Capital programming is a core function of the RTA. The RTA Act requires the RTA Board to annually adopt a Five-Year Regional Capital Program that is guided by a strategic plan, currently Invest in Transit, and is fiscally constrained by the annual budget and two-year financial plan. Once the capital program is adopted, the expenditures of CTA, Metra, and Pace are subjected to continual review, so that the RTA may budget and ensure that funds available to the region are spent with maximum efficiency.
For the last several years, the RTA and the Service Boards have been working together to articulate and advance a regional transit capital strategy. Invest in Transit emphasizes the importance of transit in northeastern Illinois and the related infrastructure investment needed for the three transit Service Boards. It includes a vision, goals, core requirements, and priority projects that the RTA and the Service Boards have committed to advancing with additional capital funding.
The enactment of the Rebuild Illinois program in June 2019 provided the RTA system with $2.6 billion in bond funding, which was programmed in 2020 and 2021. Furthermore, an estimated $227 million in ongoing annual gas tax revenue referred to as “PAYGO” funding is available on an annual basis. Despite the COVID-19 pandemic, the RTA and Service Boards, working with the region’s funding partners, including the Illinois Department of Transportation (IDOT) and the Federal Transportation Administration (FTA), continue to execute the capital program. including granting funds and advancing projects.
In 2021, the RTA and the Service Boards also drafted a new method for allocating federal formula and state PAYGO funds. This performance‐based capital allocation process distributes funds based on need, project delivery timing, and regional priorities. The new approach better matches Service Board needs, puts a focus on equity and accessibility projects and incentivizes the Service Boards to deliver projects to the region in a timely manner. The new allocation method begins with federal formula and PAYGO funds programmed in 2025 and 2026.
The State of Illinois also enacted legislation in September 2021 requiring a transparent prioritization process for northeastern Illinois transit projects receiving state capital funds, which considers a number of factors. Several regional plans and processes are already in place to guide the transit capital programming process, as described in the Draft Framework for Transit Capital Investments, developed by RTA in 2020. RTA is currently reviewing the criteria outlined in the new state legislation alongside current processes and criteria to determine where alignment is already occurring and where there are opportunities to better match with the new state legislation in future programming and reporting efforts.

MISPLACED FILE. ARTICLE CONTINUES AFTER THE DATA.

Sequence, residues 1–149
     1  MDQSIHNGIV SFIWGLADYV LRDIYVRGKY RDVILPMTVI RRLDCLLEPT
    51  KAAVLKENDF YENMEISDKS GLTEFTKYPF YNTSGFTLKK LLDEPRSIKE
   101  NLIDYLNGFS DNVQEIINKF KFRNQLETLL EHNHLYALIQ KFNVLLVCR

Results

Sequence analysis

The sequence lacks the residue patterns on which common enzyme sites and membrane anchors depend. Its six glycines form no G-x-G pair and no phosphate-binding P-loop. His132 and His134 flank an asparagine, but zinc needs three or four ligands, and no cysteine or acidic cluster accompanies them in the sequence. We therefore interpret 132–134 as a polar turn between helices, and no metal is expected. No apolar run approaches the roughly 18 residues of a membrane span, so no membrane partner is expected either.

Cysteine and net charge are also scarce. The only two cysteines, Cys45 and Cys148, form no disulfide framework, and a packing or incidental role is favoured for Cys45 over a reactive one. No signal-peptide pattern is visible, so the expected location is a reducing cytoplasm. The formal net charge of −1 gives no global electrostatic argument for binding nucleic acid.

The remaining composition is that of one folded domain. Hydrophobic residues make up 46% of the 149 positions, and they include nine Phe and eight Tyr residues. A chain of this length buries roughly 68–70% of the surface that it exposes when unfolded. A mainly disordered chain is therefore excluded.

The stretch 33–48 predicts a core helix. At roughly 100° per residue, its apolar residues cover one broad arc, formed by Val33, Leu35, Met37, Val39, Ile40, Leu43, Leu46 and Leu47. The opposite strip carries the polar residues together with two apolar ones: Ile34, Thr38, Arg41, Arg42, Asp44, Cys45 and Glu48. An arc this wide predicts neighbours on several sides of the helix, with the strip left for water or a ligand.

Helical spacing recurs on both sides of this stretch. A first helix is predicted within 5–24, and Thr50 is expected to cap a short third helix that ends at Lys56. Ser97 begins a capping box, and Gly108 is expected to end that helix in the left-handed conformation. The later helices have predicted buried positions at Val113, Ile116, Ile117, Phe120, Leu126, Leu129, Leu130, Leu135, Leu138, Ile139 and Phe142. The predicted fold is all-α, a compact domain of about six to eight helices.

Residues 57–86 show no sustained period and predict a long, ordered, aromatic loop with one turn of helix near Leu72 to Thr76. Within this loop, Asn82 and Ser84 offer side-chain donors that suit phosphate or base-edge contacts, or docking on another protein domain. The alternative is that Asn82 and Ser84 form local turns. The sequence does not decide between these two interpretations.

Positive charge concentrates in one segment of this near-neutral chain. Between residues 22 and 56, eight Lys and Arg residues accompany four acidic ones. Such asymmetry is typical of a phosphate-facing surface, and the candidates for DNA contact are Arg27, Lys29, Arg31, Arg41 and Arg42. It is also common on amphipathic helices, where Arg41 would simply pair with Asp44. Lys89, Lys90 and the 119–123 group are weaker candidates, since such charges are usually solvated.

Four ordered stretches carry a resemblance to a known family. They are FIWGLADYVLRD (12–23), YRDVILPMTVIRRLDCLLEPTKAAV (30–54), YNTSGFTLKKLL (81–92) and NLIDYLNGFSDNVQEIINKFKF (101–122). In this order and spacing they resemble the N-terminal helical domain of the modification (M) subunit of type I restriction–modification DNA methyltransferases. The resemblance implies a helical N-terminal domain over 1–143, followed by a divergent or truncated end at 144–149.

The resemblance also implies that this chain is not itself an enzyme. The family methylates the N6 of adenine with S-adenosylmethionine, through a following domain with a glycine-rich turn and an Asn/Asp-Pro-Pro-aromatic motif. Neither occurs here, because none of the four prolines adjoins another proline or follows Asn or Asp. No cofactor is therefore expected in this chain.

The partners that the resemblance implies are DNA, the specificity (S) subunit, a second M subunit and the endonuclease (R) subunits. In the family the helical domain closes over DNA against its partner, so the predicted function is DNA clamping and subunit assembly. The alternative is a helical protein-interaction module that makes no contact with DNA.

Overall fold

The Infrastructure Investment and Jobs Act, signed into law on November 15, 2021, is a significant investment in the nation’s transit infrastructure. It provides for $106.9 billion in public transit funding over five years, an increase of $41.1 billion or 63% from FAST Act spending levels. The bill includes $8.9 billion in increased Urbanized Area formula grant funding over the previous authorization and $4.9 billion in State of Good Repair formula funding over FAST Act levels. The legislation also authorizes several new transit discretionary programs including a new State of Good Repair discretionary program set at $300 million per year, these funds will get awarded to three applicants per year. There is also a new $1.75 billion discretionary program for station accessibility entitled the All Stations Accessibility Program.
These new state and federal initiatives will continue to guide RTA’s work related to capital funding and advocacy.
The current capital program is available in the Proposed 2022 Operating Budget, Two-Year Financial Plan, and Five-Year Capital Program and in an interactive format on the RTA’s Mapping and Statistics website (RTAMS) on the Regional Capital Program page. The proposed 2022-2026 five-year capital program totals $5.260 billion.
The Service Boards have identified 75 Priority Projects that they would advance with additional funding in Invest in Transit and subsequent annual updates. The current 2022-2026 capital program funds a portion of the Priority Projects and about 14.5% of the total 10-year need. Four projects have been fully funded. Twenty-five do not receive any funding, showing that additional investment is needed to advance them all.
CTA’s five-year capital program has $3.474 billion available for capital expenditures. CTA’s capital projects are largely focused on moving the system toward a state of good repair, which includes replacing and rehabbing both buses and rail cars.
Metra’s five-year capital program has $1.497 billion available. Metra continues to concentrate its capital budget on improving rail cars and locomotives as well as improving stations, bridges, and the right-of- way for its trains.
Pace’s five-year capital program is $289.4 million. Pace continues to focus on maintaining their rolling stock as well as providing for maintenance of other assets, and also shifts the focus of capital investment into electric vehicles.
For 2026 $0.2 million in funds were withheld from Pace for not reaching spending targets implemented in the performance‐based capital allocation process. These funds were returned to Pace because the service boards and RTA could not reach consensus on an allocation method for the withheld funds. The RTA and Service Boards will resume discussions on the approach to allocate such funding as part of the 2022 budget process.